Junior Meg Roberts spent the beginning of her summer vacation in Hawaii as any PHC student would: interviewing for an internship. But then, she wasn't offered the internship.
"Secretly, I was like, praise the Lord," Roberts said. "I wanted to go to Romania instead." Roberts went to Romania for the first time with her youth group in March 2020 through LIFE Romania, a ministry that disciples Romanian children. Roberts' first trip to Romania involved more hazmat suits and time in quarantine than she would have preferred, but she liked the people who worked for LIFE Romania and wanted to go back. When her internship over the summer fell through, she applied to LIFE Romania.
"Yeah, send her over. We just need the paperwork," said Iulian Avramescu, founder and director of LIFE Romania and friend of the Roberts family, in a Marco Polo to Roberts' father.
Roberts faced her first challenge when she spent two hours on the Dallas airport tarmac and missed her connection on London. The next day, she discovered that her new flight to Poland had been delayed, which she knew would cause her to miss her connecting flight to Bucharest, Romania. At the airport helpdesk, Roberts purchased a ticket for a direct flight to Bucharest, where she landed three days after leaving Dallas. "Throughout the entire process, I really was just trusting the Lord with it because there was nothing that I [could] do," Roberts said.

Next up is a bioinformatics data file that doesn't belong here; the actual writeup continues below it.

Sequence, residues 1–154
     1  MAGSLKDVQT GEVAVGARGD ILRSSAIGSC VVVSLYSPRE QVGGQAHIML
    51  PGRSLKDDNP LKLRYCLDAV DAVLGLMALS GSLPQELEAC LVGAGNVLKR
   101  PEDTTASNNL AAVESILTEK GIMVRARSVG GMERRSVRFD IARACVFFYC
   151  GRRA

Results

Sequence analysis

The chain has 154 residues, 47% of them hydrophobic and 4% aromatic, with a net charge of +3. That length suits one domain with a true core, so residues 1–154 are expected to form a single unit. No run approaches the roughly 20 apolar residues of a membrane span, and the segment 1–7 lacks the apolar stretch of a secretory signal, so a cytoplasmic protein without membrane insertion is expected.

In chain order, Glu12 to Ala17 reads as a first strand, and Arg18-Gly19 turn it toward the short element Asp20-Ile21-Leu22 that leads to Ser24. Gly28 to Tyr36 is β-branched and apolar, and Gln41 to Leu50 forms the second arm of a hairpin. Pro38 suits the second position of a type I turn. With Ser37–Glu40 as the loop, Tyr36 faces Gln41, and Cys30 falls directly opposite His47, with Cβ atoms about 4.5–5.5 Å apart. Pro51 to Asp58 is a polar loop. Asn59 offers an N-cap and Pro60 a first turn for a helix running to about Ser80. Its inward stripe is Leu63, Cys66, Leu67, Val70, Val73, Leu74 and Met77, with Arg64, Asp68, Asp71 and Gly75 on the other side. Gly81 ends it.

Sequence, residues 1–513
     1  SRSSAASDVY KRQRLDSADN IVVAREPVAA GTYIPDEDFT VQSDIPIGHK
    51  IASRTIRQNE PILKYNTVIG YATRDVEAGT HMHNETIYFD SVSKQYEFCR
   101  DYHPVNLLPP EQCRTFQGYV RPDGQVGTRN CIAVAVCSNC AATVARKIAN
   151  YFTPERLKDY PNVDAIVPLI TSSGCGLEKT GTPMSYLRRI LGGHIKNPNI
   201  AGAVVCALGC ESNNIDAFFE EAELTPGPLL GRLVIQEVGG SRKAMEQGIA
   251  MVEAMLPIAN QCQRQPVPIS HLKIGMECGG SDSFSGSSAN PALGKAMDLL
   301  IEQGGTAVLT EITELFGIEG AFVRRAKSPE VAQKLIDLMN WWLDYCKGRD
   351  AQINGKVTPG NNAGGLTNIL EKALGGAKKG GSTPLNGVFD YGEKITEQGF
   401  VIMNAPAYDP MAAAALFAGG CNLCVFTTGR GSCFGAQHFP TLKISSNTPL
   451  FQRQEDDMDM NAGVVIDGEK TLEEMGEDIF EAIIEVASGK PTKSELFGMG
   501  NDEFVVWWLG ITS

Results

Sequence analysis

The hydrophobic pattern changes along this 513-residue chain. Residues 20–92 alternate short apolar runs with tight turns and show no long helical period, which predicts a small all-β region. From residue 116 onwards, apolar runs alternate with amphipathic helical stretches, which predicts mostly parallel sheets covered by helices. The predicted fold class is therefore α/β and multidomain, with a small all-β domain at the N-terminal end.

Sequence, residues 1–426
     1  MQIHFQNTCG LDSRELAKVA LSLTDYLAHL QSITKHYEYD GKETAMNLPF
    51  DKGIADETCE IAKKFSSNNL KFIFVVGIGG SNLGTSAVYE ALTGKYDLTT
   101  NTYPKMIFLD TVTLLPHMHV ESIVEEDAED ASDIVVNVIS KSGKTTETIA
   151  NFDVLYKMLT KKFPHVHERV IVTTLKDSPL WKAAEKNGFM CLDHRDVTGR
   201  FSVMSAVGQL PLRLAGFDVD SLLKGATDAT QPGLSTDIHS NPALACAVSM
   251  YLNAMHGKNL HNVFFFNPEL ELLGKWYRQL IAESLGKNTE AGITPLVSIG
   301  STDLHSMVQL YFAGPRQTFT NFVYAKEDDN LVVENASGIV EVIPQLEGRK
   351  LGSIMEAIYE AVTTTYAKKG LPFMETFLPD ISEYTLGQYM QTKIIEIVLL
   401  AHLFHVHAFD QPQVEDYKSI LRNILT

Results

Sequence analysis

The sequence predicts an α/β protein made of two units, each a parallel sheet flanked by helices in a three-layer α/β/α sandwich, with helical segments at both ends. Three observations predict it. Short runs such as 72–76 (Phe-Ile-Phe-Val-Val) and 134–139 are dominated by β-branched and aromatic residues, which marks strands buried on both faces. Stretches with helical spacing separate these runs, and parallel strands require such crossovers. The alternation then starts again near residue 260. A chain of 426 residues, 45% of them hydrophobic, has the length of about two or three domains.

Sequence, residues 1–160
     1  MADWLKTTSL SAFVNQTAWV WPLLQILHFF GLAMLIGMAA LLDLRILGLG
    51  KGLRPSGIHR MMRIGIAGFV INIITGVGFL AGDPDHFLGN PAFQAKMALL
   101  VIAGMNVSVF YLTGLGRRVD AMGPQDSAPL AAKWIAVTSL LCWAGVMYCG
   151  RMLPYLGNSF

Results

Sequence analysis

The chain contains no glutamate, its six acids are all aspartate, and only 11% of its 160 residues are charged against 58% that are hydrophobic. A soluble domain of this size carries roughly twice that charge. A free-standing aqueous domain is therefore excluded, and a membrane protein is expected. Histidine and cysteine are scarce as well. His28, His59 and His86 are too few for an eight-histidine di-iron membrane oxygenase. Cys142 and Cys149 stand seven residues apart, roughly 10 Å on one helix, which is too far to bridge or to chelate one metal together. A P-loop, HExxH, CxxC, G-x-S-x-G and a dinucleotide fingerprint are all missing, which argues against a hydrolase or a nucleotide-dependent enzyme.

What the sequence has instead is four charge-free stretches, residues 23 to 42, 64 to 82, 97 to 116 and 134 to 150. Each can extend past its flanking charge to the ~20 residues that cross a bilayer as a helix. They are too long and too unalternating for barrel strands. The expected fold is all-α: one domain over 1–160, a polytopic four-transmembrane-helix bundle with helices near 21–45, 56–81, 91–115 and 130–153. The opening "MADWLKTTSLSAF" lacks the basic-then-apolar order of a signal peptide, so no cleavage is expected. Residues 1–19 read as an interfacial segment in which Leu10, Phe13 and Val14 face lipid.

Once in Romania, Roberts participated in a week of counselor training before jumping into five weeks of summer camps. Roberts taught English, participated in chapel, led reading discussions, and led games. Some weeks, Roberts shared a room with the campers she counseled. On average, Roberts stayed busy from 7:30 a.m. until midnight every day. Discipleship is the focus of LIFE Romania. The gospel is presented on the second night of camp so that the rest of the week’s discussions can focus on how to live after salvation. Counselors are instructed to build relationships with the campers and follow up with them immediately after they leave. Since Roberts does not speak Romanian, she took on tasks like setting up and cleaning up chapel skits and leading arts and crafts. This gave the Romanian-speaking counselors more time to talk one-on-one and build relationships with the campers during free time.
“[Roberts] is the best intern we’ve ever had. She was wise enough to integrate. She’s really good at reading people,” Avramescu said. Roberts took every opportunity to interact with campers when she was not working behind the scenes. Through translators, she served as a counselor and answered questions. One girl asked Roberts, “What happens to me after I die?” Through a translator, Roberts and the camper held a 30-minute conversation that concluded with the girl praying to accept Christ.
Roberts left Romania before the last week of camp to prepare for the fall semester at PHC. Putting 8,000 miles between herself, her campers, and fellow counselors was difficult. She particularly struggled to leave a counselor she knew who struggled with depression and anorexia in a country that looks down on mental health issues.
“It was really hard for me to trust God on that one, but it was also easy because I didn’t have a choice,” Roberts said. “I feel like that was the theme of the entire summer: you’re going to trust God because you have no choice not to.”
During her time in Romania, Roberts learned to work Jesus into every conversation. She plans to continue living with that mindset while back in the States. “We’re all called to show Jesus in every aspect of our lives, and it’s just more evident when you’re on a mission trip,” Roberts said. “That isn’t something that needs to stop now that I’m home.”
This article was originally published in PHC's student-run newspaper, The Herald.